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What is spread trading in commodities?

Understanding Spread Trading in Commodities

In the realm of trading and investment, different strategies and concepts exist that allow investors and traders to profit from the market. One such strategy is spread trading in the commodity markets. For both novice and experienced traders, understanding such a strategy is crucial to maximizing profits and mitigating the risks inherent in the market. This article provides a detailed and comprehensive exploration of the concept of spread trading in commodities.

Defining Spread Trading

Spread trading, also known as relative value trading, is a strategy that involves buying one security and selling a related security as a unit. The strategy is based on the relationship between the two securities; the trader is not concerned about the direction in which the individual securities move, rather, their concern is the difference between the securities’ prices.

In the context of the commodity market, spread trading involves the simultaneous purchase and sale of two related commodity contracts. These contracts can be separated by time (such as different delivery dates for the same commodity), by the grade of the commodity (like different qualities of crude oil), or by related commodities (such as gold and silver).

Types of Commodity Spreads

Intra-Commodity Spreads

Also known as “calendar spreads”, intra-commodity spreads involve contracts on the same commodity but with different delivery months. For example, a trader might buy a gold futures contract for December delivery and simultaneously sell the same amount of gold for June delivery. The expectation here is that the spread or difference in contract prices will change, and the trader will profit from this change.

Inter-Commodity Spreads

Inter-commodity spreads include the simultaneous purchase and sale of two different but related commodities. An example would be buying a contract for wheat and selling a contract for corn. Both of these commodities are related because their prices are influenced by similar factors, such as weather patterns and demand from the food industry.

Quality Spreads

Quality spreads, also known as “differential spreads,” involve different grades or types of a commodity. For instance, a trader might buy a futures contract for West Texas Intermediate crude oil and sell a contract for Brent crude. Both are types of crude oil, but they differ in their physical properties and which regions tend to use them.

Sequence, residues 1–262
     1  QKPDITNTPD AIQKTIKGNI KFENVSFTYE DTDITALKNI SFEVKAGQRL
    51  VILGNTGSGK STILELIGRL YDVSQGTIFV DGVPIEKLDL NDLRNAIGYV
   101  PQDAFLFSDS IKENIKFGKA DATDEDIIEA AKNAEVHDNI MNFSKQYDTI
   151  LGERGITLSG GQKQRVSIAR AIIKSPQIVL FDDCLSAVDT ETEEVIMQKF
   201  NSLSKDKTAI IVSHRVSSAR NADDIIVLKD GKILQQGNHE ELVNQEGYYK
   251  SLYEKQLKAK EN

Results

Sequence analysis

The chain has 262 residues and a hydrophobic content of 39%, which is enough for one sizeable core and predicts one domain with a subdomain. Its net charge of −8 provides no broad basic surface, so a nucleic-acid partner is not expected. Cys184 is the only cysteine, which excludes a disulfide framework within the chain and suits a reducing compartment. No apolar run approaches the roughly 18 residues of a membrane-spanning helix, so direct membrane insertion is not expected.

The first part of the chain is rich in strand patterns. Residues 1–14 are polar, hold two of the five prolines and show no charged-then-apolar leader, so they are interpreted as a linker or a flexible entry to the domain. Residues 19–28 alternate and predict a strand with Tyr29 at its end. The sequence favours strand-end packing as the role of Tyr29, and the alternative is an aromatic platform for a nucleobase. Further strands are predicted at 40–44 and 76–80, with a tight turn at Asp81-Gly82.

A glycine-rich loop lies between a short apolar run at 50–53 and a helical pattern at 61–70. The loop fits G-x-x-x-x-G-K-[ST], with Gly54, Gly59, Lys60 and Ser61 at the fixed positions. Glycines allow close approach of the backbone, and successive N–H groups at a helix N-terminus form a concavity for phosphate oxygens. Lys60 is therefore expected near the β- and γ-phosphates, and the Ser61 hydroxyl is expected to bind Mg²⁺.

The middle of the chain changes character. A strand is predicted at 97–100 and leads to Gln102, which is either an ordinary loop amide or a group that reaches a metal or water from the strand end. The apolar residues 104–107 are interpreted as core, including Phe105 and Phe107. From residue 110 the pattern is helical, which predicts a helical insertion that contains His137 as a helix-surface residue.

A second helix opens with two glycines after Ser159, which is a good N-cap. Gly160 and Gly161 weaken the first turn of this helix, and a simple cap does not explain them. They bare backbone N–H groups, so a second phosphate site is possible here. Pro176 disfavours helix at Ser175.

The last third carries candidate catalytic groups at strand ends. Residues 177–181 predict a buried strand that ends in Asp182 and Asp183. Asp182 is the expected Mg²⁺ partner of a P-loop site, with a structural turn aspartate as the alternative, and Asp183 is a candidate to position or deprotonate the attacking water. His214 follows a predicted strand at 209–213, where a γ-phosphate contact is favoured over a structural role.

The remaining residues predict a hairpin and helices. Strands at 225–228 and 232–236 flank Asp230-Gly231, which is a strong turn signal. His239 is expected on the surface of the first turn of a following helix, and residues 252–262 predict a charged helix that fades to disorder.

The Benefits and Risks of Commodity Spread Trading


Spread trading in commodities has several advantages over outright positioning, where a trader buys or sells a single futures contract hoping for a favorable price move. Lower Margin: Spread trades often require less margin than outright futures positions because the risk is typically lower, which can make it more accessible to beginners or those with less capital to trade with.

Less Risk: Spread trading can be less risky than other strategies because the trader is both long and short. This means that they can potentially profit from volatile price moves in either direction, limiting the risk of significant loss.


No trading strategy is without risk, and spread trading is no exception. Particularly in spread trading in the commodity market, the relationship between the two contracts in the spread can change unexpectedly. Factors such as changes in supply and demand, government policy, or global events might affect one commodity more than the other, disrupting the spread and potentially leading to losses.

End Note

Spread trading in commodities is a strategy that involves trading two related contracts simultaneously with the aim of profiting from changes in the spread between them. It has the potential for lower risk and margin requirements than some other strategies, but like all trading, it is not without potential pitfalls. To effectively utilize spread trading as a strategy, a solid understanding of the commodities in question, market trends, and thorough research and analysis are essential.